At Chu’s, there are no surprises (or Suprise Steaks!) when it comes to our meats. Customer education, revolutionized by Sy Sims, inspires us and that’s why we go out of our way to educate customers on the history and origin of their beef.
Continue reading below for a whole cow breakdown and the muscles that lead to your favorite steaks and roasts.
The Chuck section is located above the cow’s front legs. Traditionally the Chuck gets a bad rap for not being as tender as other parts of the cow, but that all depends on how you cook it. Some of our favorite cuts come from the Chuck section.
Flavorful and tender meat that surrounds the bones of the Rib section constitutes some of the most famous cuts from the cow. As the meat is insulated by the bones, it creates exceptionally flavorful cuts for any occasion.
Traditionally in the Kosher world, the Loin section is sold to non-kosher processors. This is done due to the expensive and labor-intensive process of performing Nikkur on the cow's hindquarters. Thanks to the skills of Rabbi Elkin, we’re proud to offer Glatt Kosher and Beit Yosef hindquarter cuts.
PLEASE NOTE THESE CUTS ARE VERY RARE AND WE DO NOT OFTEN HAVE THEM IN STOCK.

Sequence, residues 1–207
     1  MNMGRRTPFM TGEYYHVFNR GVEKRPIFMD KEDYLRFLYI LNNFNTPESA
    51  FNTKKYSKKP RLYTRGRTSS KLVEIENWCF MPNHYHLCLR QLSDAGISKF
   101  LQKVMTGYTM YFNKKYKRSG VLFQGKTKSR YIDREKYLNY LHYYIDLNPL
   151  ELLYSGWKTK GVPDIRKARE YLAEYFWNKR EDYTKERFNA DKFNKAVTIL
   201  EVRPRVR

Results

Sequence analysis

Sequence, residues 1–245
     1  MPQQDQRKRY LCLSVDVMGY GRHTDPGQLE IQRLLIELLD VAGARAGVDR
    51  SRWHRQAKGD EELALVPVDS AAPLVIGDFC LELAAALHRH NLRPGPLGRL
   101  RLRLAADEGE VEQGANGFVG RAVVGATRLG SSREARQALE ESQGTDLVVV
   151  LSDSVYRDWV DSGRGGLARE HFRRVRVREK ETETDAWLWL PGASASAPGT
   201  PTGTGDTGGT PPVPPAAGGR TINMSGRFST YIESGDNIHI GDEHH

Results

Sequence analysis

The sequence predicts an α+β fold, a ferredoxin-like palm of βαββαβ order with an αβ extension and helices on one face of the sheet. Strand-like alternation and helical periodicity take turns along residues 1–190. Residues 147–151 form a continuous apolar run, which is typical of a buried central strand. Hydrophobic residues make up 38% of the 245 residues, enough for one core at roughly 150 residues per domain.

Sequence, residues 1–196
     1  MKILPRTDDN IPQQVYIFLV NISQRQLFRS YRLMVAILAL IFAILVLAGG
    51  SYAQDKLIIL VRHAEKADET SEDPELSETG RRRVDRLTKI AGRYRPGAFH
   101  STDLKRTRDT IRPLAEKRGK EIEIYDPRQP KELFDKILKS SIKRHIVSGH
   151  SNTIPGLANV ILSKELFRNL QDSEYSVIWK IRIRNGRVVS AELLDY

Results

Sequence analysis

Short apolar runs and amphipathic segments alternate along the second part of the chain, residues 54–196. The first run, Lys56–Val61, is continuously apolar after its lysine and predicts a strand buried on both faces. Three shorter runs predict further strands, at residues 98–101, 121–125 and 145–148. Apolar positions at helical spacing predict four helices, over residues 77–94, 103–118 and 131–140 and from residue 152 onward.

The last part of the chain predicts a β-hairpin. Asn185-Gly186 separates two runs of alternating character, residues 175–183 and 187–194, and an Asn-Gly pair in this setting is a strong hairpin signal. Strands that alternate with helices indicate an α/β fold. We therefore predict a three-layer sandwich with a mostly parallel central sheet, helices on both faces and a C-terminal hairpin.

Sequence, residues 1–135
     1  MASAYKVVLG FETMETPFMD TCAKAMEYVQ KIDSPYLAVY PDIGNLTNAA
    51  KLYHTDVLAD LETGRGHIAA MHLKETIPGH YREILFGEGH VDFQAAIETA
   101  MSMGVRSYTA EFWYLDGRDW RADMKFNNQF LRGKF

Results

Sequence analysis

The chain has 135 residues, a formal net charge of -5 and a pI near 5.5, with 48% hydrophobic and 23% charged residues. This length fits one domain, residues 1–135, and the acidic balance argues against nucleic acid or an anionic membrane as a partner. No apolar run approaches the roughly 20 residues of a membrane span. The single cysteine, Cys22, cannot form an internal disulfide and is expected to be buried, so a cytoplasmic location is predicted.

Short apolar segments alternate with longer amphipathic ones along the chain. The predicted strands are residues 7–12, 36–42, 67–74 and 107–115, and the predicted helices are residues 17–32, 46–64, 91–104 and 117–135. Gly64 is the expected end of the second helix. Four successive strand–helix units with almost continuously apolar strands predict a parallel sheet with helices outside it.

"An educated consumer in our best customer."
- Sy Syms
More Hindquarter cuts from our friends at Bisra Meats. Our Kosher Picanha is a flavorful cut covered in a fat cap. When cooked, the fat cap partially renders down to add additional flavor to the beef. This cut can be slow-cooked, smoked, or grilled on open flames when cut into steaks. Grilling the Picanha on skewers is a popular trend originating in Brazil.
Some of the most flavorful cuts from the cow come from the Plate Primal section. Due to the small nature of this section, these cuts are extremely limited.
Brisket & Flank
The names of the cuts from these regions are one and the same. Our ridiculous 100% Full Blood Wagyu Brisket from Holy Wagyu and our grill-worthy Flank Steak from Bisra Meats are must-tries!
We got chu!
Browse our reciepes created in our home kitchen while drawing inspiration from all of the greats. We follow the "a little bit of this, a little bit of that" method when we cook.